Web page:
Representatives of 21 ethnic groups from Burma’s Shan and Kayah states held landmark talks Wednesday to discuss prospects for ending armed conflict with the government, with nearly all demanding a revamp to the country’s constitution to give greater powers to ethnic states.
The three-day forum is organized by the Shan Nationalities League for Democracy (SNLD) and involves representatives from both armed ethnic groups and political parties.
The focus is on “trust building” between the different groups, all of which are in various stages of talks with Burmese President Thein Sein’s administration about greater political representation.
Groups which have not forged a cease-fire with the government are not participating in the forum, which is also being attended by senior government officials as observers.
Sai Lake, secretary of the SNLD, told RFA’s Burmese Service that nearly all of the 21 groups represented at the forum criticized the country’s 2008 constitution, pushed through by the then-ruling military junta, for not giving Burma’s ethnic groups sufficient representation in the government.
“Almost every organization or party said that we can’t have long-lasting peace because of the weakness of the constitution,” he said. “We all have the same opinion on it.”
Sai Lake quoted a government official at the meeting as saying that it would “take a very long time” to amend “all the weak points” of the constitution and that it would be best, if possible, to create a new one entirely. He did not specify which official had made the suggestion.
He said that while some of the ethnic groups had wanted their own independent state in the past, the majority would consent to remaining part of the union if provided with greater power within Burmese politics.
“If they are given equal rights and if they are allowed to create their own laws, long-lasting peace could become a reality. They said that they even expect to [back] a union military.”
Sai Lake said that he believes the ideas discussed so far at the forum represent the attitudes of the majority of people in Shan and Kayah states, and that resolutions based on these issues could form the basis for peace in Burma’s ethnic regions.
“I expect that we will produce worthwhile results, even if we don’t produce perfect results, and we will have some starting points from which to build a real federal union,” he said.
He said that organizers had traveled through Shan and Kayah states meeting with every ethnic group over the last two months in preparation for the event, which contributed to the strong turnout for the forum.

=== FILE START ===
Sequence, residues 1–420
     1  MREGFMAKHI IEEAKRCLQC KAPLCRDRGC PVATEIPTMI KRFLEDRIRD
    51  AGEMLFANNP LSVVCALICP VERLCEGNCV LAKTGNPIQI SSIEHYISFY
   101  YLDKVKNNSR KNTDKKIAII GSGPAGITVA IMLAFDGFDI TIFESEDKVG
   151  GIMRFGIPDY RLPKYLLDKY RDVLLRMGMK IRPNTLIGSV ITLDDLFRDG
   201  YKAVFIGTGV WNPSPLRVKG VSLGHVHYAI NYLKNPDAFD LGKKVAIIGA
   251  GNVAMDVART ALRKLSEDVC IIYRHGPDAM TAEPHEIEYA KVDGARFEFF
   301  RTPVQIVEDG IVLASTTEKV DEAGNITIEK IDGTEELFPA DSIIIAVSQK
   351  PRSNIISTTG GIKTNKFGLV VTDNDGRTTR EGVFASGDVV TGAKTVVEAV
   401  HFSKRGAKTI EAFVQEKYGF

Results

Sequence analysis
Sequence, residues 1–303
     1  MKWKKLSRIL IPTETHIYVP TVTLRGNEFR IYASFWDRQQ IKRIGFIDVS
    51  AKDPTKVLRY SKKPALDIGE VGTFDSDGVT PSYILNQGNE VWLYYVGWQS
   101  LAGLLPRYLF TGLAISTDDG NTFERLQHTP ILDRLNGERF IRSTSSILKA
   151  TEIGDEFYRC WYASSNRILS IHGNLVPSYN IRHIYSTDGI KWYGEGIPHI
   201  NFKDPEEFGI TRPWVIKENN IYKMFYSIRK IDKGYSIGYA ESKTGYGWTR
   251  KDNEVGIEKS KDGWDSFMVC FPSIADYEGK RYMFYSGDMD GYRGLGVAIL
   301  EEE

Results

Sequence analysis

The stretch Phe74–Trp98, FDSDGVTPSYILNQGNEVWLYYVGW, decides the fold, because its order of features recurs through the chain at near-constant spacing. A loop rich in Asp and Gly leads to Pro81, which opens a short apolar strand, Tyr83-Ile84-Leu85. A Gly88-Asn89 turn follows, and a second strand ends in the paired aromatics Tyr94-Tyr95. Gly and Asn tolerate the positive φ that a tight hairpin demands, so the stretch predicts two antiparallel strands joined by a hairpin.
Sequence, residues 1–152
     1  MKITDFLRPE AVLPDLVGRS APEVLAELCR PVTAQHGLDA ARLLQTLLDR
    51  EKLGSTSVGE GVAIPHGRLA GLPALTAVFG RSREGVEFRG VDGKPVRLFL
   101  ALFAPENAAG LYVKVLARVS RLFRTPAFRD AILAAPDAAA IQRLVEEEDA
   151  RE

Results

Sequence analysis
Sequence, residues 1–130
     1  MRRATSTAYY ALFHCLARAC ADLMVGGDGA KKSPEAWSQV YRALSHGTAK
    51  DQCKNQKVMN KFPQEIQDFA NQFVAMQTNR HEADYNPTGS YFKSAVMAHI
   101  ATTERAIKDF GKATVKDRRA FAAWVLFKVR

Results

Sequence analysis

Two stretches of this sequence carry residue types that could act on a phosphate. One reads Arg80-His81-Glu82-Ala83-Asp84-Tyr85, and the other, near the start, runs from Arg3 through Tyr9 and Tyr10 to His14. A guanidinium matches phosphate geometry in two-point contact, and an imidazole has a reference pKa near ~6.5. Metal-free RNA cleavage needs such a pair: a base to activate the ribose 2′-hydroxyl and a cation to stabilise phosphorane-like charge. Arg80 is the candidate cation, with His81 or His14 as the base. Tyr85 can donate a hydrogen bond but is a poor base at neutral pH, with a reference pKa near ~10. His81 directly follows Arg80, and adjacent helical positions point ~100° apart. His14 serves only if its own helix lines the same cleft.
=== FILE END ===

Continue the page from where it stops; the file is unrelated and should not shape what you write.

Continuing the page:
Vice-chairman of the government’s Peace Delegation Aung Min, who is an observer at the forum, said he believes the first day of talks had yielded good progress towards building national unity.
“I believe that, from the trust building we did today, we can take the next step toward the long-lasting peace that we all want,” he said.
“What we have to do is stop the conflicts based on the cease-fires we currently have and sign peace treaties with basic political points … From these agreements, we can form the national unity that our society so desperately needs.”
‘First of its kind’
Earlier, Sai Lake had called the forum “the first of its kind” among such a variety of ethnic groups and said it would serve as an important stepping stone for national talks.
“The main topic is about what the armed groups in Shan and Kayah states can do to establish lasting peace. The top priority for this meeting is to discuss how to support a transition to a genuine union,” Sai Lake told RFA ahead of the meeting.
“The first time we met was for a discussion only among Shan groups. This meeting includes all ethnic groups in Shan and Kayah states. We can say that this meeting is broader because we can hear the voices of [nearly] all ethnic groups in the two regions.”
Some ethnic groups, such as those which are still in negotiations with the government about a cease-fire, did not attend Wednesday’s forum.
“We can’t attend this meeting because our discussion with the government about a cease-fire has not concluded yet,” said Khu Daniel, a central committee member of the Karenni National Progressive Party (KNPP).
“We also have to meet with the government side later this month.”
The Pa-O National Liberation Organization (PNLO) also sat out of the forum.
Hla Maung Shwe of the government’s Peace Delegation had said Tuesday that discussions like the Lashio forum must first be held to stop armed conflict at the state level before talks can be held on a national level, according to Thein Sein’s road map to national reconciliation.
He said such discussions were the right step towards “building trust and development” among the different peoples of Burma.
“We are preparing to move toward political dialogue in which all ethnic groups could participate,” he said.
“The government’s peacemaking committee is opening its door for political dialogue. This dialogue can take place group by group or state by state.”
Burma’s peace negotiators say that after more than 60 years of conflict, ethnic groups have been calling for dialogue that was impossible under the former military junta, which stepped down two years ago to make way for a reformist administration under President Thein Sein.
But ongoing fighting between the Burmese army and holdout groups like the Kachin Independence Army (KIA) has overshadowed democratic change in the country.
Thein Sein had ordered a halt to military offensives against ethnic rebels last year, and since he came to office, Burma has signed peace agreements with 10 armed ethnic groups.
Reported by Kyaw Thu and Win Naing for RFA’s Burmese Service. Translated by Khet Mar. Written in English by Joshua Lipes.